Techcrunch has a rather scathing article that tries to convince the reader why they should not use Opera as a browser of choice. In the article it states that Opera is unpopular when compared to other browsers that are available to us. It also says that the reason for this unpopularity, in the writer’s opinion, is because the browser ‘screams’ instead of just ‘sings.’ Yet the writer provides no substance to the article in why, except for the writer’s preferences, why Opera is such a bad choice.
The article goes on to state that:
This latest version of Opera looks as if it’s the spawn of Safari and Firefox mating. On paper, that may sound like a good idea, but the result is awkward. It just feels alien.
Feels alien? I believe that this description can be given to anything that works differently that what a user may be used to. I use Firefox as my primary browser since it works well for me. So using even Google’s Chrome is different than what I am using, but yet Chrome works well when I have tried it. Different? Yes. Alien? No.
I guess what it boils down to is that when browsing the Web, I basically just want a giant window that renders an HTML page correctly and fast — that’s it. All these features sound nice, but most are just clutter. That’s especially true on the desktop, where most of us are on fast connections (or fast-enough), and things such as Opera’s “turbo-charging” don’t seem to make much of a difference (obviously, that’s different on the mobile web — but usually only with Edge connections, in my experience).
Chrome nails this experience that I’m looking for, and that’s one of the reasons why Chrome OS excites me so much. Anything not rendering HTML on my screen is just noise. Opera has a lot of noise.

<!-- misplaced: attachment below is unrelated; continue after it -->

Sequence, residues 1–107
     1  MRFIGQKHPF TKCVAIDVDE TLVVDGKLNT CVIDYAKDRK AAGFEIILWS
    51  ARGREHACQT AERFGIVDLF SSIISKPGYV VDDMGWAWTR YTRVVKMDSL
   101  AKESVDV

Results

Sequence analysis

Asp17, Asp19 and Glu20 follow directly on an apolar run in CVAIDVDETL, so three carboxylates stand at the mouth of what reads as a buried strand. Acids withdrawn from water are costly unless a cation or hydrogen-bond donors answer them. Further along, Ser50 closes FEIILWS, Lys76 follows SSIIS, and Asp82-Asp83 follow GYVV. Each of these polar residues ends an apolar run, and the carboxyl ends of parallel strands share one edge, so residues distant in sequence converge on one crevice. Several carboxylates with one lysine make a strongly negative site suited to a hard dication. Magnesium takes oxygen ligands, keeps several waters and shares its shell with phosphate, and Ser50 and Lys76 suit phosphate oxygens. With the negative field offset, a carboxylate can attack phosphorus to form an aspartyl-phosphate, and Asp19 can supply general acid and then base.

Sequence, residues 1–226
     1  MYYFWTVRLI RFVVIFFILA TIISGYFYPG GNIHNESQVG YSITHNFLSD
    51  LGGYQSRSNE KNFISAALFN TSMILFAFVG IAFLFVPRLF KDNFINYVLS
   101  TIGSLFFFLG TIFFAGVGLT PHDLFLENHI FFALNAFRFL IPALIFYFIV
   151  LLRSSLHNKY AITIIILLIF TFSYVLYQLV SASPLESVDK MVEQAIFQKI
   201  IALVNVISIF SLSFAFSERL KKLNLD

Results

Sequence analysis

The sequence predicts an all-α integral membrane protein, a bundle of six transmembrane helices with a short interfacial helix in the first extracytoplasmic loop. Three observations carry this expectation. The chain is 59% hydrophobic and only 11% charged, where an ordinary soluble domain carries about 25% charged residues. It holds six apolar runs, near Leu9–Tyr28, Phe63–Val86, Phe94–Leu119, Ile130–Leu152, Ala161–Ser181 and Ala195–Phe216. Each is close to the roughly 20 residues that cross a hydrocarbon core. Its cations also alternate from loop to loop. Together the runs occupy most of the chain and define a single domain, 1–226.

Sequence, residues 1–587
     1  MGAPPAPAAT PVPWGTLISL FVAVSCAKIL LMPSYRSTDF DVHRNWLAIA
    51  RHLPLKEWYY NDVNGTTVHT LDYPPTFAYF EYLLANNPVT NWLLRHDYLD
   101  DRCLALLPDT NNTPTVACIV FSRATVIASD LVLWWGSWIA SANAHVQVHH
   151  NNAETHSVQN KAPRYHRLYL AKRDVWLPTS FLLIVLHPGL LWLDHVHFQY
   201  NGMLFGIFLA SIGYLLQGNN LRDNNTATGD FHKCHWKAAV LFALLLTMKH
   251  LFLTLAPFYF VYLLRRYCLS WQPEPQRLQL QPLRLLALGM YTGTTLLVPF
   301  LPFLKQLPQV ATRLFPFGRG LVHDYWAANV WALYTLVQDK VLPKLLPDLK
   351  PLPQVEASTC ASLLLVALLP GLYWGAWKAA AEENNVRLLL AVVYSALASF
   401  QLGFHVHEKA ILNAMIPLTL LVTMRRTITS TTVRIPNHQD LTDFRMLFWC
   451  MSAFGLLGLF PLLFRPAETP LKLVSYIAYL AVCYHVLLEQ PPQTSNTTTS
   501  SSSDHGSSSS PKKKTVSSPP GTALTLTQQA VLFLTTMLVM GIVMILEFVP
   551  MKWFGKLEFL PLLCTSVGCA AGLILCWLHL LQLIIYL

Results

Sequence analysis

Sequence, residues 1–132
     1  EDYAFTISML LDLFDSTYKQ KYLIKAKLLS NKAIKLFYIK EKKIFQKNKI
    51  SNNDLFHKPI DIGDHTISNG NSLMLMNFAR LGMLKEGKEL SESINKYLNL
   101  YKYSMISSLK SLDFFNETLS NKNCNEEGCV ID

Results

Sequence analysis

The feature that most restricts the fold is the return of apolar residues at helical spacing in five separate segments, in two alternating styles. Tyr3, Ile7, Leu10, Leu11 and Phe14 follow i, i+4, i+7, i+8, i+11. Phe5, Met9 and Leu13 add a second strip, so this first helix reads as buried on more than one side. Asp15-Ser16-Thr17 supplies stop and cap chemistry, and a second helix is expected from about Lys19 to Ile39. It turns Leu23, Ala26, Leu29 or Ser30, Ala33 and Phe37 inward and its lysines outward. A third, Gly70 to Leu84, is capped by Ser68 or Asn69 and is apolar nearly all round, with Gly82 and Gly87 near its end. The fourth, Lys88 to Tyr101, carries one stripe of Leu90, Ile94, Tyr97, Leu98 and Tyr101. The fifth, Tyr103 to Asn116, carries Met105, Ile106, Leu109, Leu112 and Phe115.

A lot of noise? What the heck is that? I decided to take the new Opera out for a look-see for myself. I downloaded and installed Opera 10.52 for Windows and installed the browser on my Windows 7 Ultimate OS. I set up Opera tabs to function as they do in Firefox, and after some minor customizing to my preference, starting using the browser to surf, search, and compile some blog articles.
I found using the browser intuitive and easy to use. Yes, some things are different compared to Firefox, but not to the point that it interfered with the way I normally use a browser. Opera also touts itself as being fast, very fast, and I found this to be mostly true. I am fortunate to have a fairly fast cable connection so my browsing experience is fast with any browser I chose. But I must admit, Opera did feel faster than Firefox. IMHO.
The only downside I found is that Opera does not offer add-ons [widgets] that I use in Firefox such as WOT [Web of Trust], Ad-Block, Colorful Tabs, and other add-ons that I personally enjoy using with Firefox. With this in mind, I will continue to use Firefox as my primary browser, but Opera works very well and should be considered as an alternative to other browsers.